Northern Ireland

Major cross-border operation against illegal fuel trade

Scene of CAB raid at property in south Armagh
Image caption Police from Northern Ireland were involved in a search at a property in south Armagh on Wednesday
Search being carried out on the south Armagh/Louth border
Image caption Searches are taking place in 10 Irish counties as part of a cross-border operation
Search on the South Armagh/Louth border
Image caption The investigation is being led by the Irish Republic's Criminal Assets Bureau
Search on the South Armagh/Louth border
Image caption More than 300 staff are involved in the investigation known as Operation Loft
Search on the South Armagh/Louth border
Image caption Ten businesses, seven houses and two warehouses were searched as part of a cross-border operation
Search on the South Armagh/Louth border
Image caption For economic reasons, farmers and some industries get diesel considerably cheaper than road users

Police and customs officers from Northern Ireland have taken part in a major cross-border operation against fuel laundering and organised crime.

Searches were carried out in 10 Irish counties.

The operation was led by the Irish Republic's Criminal Assets Bureau and was aimed a south Armagh/north Louth criminal gang with republican links. .

A laundering plant in Castleblaney, County Monaghan, had the capacity to launder 10m litres per year.

Irish customs said that was a potential loss to the exchequer of 5.5m euros.

More than 300 staff were involved in the operation, including more than 100 personnel from Northern Ireland.

On Wednesday morning, 19 raids were carried out in Louth, Monaghan, Dublin, Kildare, Waterford, Offaly, Roscommon, Westmeath, Meath and Tipperary.

Ten businesses, seven houses and two warehouses were searched.

Irish Customs officers also recovered 40,000 litres of fuel, along with 16 Intermediate bulk containers, which are used to transport and store liquids, and each containing 1,000 litres of toxic waste, from the site at Dromore, Castleblayney.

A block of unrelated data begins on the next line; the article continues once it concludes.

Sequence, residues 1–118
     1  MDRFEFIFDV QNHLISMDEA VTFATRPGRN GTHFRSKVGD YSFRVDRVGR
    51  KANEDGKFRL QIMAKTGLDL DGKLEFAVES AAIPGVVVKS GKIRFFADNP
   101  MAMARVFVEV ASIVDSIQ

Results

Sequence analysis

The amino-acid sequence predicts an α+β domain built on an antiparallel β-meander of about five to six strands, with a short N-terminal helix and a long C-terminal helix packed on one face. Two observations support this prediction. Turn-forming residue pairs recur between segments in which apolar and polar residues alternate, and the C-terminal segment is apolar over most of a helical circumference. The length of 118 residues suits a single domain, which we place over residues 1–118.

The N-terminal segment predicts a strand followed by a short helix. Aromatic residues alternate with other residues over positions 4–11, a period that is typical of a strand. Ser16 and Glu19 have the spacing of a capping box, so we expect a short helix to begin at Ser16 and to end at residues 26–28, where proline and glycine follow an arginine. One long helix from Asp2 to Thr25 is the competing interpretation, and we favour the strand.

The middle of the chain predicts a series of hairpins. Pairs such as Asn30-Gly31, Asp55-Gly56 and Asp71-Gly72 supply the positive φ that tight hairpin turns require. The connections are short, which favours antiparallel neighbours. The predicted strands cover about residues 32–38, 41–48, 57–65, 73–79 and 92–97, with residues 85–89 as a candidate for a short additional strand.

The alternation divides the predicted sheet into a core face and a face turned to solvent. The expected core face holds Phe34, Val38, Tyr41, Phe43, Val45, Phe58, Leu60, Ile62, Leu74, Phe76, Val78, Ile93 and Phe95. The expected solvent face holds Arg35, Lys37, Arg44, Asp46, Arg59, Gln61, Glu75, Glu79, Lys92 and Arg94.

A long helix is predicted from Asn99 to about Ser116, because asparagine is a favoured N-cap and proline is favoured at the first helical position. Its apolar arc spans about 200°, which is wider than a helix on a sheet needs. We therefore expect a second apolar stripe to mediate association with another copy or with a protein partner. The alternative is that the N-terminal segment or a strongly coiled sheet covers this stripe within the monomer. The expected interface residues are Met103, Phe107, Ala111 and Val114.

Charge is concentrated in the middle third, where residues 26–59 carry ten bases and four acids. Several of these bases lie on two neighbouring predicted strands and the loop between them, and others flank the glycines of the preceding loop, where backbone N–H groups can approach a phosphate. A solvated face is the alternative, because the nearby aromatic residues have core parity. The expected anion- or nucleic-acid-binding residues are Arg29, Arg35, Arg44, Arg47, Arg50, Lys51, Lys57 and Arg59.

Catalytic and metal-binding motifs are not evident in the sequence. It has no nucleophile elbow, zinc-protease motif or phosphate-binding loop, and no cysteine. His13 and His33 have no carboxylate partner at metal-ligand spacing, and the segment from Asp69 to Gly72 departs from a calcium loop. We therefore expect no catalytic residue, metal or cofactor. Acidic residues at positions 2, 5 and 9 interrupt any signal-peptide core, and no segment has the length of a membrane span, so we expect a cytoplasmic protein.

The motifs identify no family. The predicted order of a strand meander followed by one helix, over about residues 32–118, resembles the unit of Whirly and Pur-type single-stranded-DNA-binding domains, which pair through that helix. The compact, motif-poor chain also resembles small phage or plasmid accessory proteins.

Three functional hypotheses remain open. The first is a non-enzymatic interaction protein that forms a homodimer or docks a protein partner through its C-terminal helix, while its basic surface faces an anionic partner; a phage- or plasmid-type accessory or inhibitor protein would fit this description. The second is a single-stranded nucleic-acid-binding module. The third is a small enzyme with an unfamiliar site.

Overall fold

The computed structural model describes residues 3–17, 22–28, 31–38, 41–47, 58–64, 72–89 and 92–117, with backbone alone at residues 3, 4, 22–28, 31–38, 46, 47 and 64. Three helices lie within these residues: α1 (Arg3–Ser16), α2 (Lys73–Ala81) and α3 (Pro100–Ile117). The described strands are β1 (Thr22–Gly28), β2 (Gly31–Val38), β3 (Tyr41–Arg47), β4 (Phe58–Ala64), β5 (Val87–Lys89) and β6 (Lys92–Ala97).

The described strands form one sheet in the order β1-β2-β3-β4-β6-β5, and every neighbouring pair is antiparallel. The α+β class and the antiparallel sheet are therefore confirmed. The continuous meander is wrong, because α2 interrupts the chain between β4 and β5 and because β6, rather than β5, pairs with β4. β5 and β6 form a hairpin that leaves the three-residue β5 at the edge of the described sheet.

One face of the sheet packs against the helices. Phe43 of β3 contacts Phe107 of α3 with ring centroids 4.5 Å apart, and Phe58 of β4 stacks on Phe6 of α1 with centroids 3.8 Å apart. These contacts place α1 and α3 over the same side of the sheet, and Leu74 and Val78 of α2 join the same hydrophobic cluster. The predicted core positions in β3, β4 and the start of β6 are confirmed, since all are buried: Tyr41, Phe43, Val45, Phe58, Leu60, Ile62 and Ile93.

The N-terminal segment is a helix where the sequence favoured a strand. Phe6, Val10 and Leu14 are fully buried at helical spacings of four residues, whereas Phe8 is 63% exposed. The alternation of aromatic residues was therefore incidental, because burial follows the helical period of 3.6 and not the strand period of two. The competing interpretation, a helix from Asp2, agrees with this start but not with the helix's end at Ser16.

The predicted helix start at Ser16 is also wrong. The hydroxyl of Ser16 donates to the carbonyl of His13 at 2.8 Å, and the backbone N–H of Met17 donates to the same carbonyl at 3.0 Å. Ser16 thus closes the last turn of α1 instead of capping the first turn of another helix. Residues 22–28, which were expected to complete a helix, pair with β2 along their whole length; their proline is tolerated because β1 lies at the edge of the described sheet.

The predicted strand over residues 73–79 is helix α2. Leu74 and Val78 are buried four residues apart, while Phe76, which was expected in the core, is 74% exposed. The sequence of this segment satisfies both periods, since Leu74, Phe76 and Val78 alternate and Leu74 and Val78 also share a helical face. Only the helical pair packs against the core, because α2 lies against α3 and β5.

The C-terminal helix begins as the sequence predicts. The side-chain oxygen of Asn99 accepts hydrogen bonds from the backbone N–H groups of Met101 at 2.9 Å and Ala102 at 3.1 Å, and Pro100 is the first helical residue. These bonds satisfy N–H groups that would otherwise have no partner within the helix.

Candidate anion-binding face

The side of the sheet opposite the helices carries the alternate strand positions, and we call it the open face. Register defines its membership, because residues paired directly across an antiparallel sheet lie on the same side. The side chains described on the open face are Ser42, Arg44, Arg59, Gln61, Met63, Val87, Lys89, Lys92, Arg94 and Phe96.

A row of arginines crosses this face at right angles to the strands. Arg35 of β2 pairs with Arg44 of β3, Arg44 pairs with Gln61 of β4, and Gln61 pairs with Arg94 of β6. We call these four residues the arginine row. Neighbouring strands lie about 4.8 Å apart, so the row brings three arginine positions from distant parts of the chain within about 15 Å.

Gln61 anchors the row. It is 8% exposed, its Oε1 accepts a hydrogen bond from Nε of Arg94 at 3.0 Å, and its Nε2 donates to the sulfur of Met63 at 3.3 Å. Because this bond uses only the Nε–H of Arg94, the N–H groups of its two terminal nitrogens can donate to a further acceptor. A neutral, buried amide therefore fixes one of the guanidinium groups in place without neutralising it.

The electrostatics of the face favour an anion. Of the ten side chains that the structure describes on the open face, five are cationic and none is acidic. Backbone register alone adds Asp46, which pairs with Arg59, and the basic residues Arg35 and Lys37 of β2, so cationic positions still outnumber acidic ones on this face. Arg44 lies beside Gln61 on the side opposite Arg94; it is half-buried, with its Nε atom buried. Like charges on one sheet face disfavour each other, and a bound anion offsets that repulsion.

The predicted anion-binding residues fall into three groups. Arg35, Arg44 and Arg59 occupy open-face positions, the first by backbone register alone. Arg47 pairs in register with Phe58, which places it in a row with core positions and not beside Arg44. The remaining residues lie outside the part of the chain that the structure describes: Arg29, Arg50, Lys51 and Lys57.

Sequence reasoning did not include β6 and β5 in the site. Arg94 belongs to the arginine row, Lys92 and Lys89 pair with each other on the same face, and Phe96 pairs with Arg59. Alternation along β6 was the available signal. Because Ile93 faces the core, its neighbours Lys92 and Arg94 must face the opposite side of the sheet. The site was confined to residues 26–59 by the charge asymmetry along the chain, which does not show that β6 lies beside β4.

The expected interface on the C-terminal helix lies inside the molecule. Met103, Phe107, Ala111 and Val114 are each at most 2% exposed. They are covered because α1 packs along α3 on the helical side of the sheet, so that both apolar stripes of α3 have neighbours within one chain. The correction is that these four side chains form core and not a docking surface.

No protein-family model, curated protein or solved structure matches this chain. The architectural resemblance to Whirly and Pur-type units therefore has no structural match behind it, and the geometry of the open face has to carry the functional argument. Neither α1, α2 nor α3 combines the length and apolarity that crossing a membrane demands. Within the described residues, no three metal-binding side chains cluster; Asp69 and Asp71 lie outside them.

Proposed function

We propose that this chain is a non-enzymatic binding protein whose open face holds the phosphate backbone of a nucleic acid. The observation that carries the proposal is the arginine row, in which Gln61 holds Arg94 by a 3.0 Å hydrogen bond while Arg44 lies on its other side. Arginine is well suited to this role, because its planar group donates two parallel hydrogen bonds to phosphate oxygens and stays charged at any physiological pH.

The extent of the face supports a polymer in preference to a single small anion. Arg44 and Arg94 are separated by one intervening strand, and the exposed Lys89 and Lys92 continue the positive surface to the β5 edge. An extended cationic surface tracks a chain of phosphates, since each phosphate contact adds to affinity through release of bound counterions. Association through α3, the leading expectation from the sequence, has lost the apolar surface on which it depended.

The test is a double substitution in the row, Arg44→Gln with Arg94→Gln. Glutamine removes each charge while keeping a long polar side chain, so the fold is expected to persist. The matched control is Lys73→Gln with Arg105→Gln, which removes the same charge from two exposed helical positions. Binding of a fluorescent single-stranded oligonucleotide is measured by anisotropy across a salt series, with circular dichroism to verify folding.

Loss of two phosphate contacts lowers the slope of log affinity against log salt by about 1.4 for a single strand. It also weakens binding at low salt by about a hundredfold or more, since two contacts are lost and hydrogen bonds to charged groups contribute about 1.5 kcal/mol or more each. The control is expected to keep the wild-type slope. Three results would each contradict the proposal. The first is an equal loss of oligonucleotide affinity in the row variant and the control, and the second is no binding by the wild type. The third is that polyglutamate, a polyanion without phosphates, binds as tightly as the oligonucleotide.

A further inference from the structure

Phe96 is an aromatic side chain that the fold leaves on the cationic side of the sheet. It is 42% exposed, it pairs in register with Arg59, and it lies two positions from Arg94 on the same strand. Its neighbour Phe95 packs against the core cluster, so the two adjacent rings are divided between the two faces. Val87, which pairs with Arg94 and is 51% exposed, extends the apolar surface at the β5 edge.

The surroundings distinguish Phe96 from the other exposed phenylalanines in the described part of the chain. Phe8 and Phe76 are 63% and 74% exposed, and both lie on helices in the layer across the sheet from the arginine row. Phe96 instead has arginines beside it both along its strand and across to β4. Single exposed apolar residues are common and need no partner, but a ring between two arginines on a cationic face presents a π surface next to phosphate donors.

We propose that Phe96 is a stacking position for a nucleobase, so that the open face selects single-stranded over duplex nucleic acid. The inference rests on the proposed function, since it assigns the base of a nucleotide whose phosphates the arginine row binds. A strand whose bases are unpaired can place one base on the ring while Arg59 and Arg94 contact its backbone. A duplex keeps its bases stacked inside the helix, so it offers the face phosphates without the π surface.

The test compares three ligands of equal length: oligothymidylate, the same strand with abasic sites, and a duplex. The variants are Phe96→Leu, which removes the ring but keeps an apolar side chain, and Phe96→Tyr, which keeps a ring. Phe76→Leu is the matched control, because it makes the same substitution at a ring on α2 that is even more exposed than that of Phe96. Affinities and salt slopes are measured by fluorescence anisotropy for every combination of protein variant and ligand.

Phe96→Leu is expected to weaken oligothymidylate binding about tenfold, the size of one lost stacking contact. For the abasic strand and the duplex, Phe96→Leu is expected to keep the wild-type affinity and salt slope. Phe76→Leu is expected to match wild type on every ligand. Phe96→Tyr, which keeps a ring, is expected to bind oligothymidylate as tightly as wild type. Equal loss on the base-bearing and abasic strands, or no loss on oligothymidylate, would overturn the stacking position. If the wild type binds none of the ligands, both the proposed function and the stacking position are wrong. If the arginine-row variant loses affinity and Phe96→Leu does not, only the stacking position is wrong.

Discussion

A 40-foot trailer and 150 bags of bleaching earth were also seized.

The investigation, known as Operation Loft, was conducted jointly with the Republic's Office of the Revenue Commissioners and Her Majesty's Revenue and Customs (HMRC).

It was supported by the Garda (Irish police) Air Support Unit and the Air Corps and special police units on both sides of the border.

Fuel intended for farmers and some industries is sold at a tax-discounted rate and coloured with a dye to identify it.

Launderers remove the dye and sell the fuel on as fully-taxed road diesel.

In a statement, the gardai said the investigation was focused on the suspected involvement of an organised crime group based in County Louth.

"The objectives of the operation are to seize evidence of assets deriving from oil fraud and money laundering, seize and dismantle illegal oil operations, seize cash or other assets including vehicles used in the criminal activity and to freeze bank accounts," the statement added.

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